Michelle Farnham lives in Woodsville, NH and works in the department of developmental service at NKHS. She is a former LSC student who is now pursuing her EMT certification. Her long-term goal is to become a midwife. Her story was inspired by just some of the characters she has encountered in her life.

Hannah Frigon

Hannah Frigon was born in North Conway, New Hampshire in 1990. Frigon primarily works in the medium of photography, but includes painting and drawing as favorite pastimes. Frigon is working on her B.A. in Visual Communications with an A.S. in Visual Arts and a minor in photography while attending Lyndon State College. She had the opportunity to get her B.F.A. in Angwin, California; however after a semester there, she realized the artistic community was more beneficial at LSC. Last year she was featured in the “Winners Gallery, 2012, Best of College & High School Photography Contest Sponsored by Nikon.” The pictures featured in MESH are from her trip traveling from East to West – sites along I-80 West and Yellowstone National Park.

Brian Lacharite

Brian Lacharite was born in Winooski, VT in 1987. He is a musician by nature, but dabbles in photography from time to time. Brian is graduating with a B.S. in Music Business and Industry with a concentration in production from Lyndon State College. The pictures featured in MESH are from his trip hiking up Mt. Philo in Charlotte, VT. There was an old piano abandoned near the side of the trail and it’s interior was perfectly exposed, allowing Brian the wonderful opportunity to showcase the intricate design of such a beloved instrument.



Staff Kirstie Venne, Editor-in-Chief

Kirstie cannot do a double-back handspring and she has never been a sniper in the belly of a Canadian desert. She also has never lived in Lyndonville Vermont and she is not the Editor-in-Chief of MESH. Although, the voices in her head tell her she is. They also tell her Justin Beiber is the greatest composer since Bach. She has learned to ignore the voices.

Bryan Barber, Managing Editor

Bryan Barber once spent six days traveling alone through Southeastern Asian wilderness, just to get a single photo of Red Pandas in their natural habitat. The journey was, in his words, “long, slow, cold, and totally worth it.” When he returned to the states, he joined MESH and rose to the position of managing editor. The group discussions and layout work in the lab was a nice change of pace from the cold and lonely forest, where his most riveting conversations were with Leon, his camera.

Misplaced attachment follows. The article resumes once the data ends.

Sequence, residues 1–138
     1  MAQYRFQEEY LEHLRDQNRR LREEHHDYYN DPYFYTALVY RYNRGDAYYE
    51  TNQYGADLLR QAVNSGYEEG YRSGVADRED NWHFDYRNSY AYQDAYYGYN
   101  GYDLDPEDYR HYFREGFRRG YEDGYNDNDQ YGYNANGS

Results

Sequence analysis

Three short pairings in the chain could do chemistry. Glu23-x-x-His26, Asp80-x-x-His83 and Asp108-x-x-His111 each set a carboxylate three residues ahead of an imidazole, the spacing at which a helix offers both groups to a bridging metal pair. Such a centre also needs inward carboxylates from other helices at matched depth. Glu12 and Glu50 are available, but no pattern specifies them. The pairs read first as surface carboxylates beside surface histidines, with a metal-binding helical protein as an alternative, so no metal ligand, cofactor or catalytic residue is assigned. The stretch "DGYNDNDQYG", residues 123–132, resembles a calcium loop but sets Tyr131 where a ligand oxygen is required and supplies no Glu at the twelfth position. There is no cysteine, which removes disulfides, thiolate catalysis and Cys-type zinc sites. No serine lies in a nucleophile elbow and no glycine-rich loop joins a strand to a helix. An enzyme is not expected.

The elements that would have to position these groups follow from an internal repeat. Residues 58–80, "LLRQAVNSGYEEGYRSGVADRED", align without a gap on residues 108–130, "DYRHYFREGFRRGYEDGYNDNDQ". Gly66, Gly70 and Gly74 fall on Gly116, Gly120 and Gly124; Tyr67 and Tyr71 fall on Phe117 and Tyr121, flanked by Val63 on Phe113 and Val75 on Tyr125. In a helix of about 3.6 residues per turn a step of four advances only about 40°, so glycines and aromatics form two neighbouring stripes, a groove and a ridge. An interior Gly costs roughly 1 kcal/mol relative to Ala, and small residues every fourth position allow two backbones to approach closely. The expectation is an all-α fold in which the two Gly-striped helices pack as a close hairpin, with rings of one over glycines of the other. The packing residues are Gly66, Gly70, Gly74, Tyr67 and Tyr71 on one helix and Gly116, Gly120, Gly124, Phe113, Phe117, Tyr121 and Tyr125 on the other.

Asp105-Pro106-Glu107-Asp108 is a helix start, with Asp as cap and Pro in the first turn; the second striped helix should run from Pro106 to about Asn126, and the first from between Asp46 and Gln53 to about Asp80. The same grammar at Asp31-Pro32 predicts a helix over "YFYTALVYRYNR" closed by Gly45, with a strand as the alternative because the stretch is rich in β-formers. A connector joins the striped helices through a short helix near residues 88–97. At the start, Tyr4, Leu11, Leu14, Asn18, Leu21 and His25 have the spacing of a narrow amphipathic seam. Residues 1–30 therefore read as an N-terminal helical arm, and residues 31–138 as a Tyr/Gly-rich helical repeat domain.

Anonymous, Copy Editor

Unfortunately, we still have no idea as to the identity of one of our staff. This person was very helpful, even while working in the shadows of the lab every week. We saw work appearing completed on our network between meetings and no one on staff claimed credit. The only clues we have to show who it might be, is this photo. However, we’re pretty sure our staff member isn’t a Landseer Newfoundland. To whomever you might be, thank you for all your help, your contributions will not go unnoted.



Biographies Samantha VanSchoick, Layout Editor

Samantha VanSchoick is a senior English major at LSC. She has a great love for alliteration, attempting to use the literary technique in all her work. As a matter of fact, this is what she submitted for her bio: “I am a petulant preoccupied porcupine persuasively putting pen to paper, perhaps pouting, pondering plays and profoundly proclaiming: Even putrid poetry is power!”

Megan Hassan, Copy Editor

Megan Hassan is a sophomore MBI major and English minor at LSC. She loves to take pictures of anything that catches her eye, especially her puppy Dutch. Megan also writes poetry, not about her puppy Dutch, about any and everything. Such as: “Warm sunny days are all that I need, / I can sit in this tree and sail the seven seas. / I can plunder and pillage and run around barefoot. / No one can stop me, / at least until lunch.”

Peter Nute, Genre Editor

After interning with the company “NicWorks” that painted portraits of Nicolas Cage and sold them at various carnivals around the Texas - Mexico border, Peter Nute attended a small college in Sandgate, Wisconsin, where he obtained his MA degree in Mongrel French Aesthetics. After finding the job prospects dim, he moved to Lyndonville, Vermont, and attended Lyndon State College. He will be graduating in 2047 with a degree in Cardboard Box Construction.


Wesley Hatch Staff Member

Special thanks to our faculty advisor Chandler Gilman



MESH is the literary magazine at Lyndon State College that I founded in 2011. For this edition, I was the layout editor.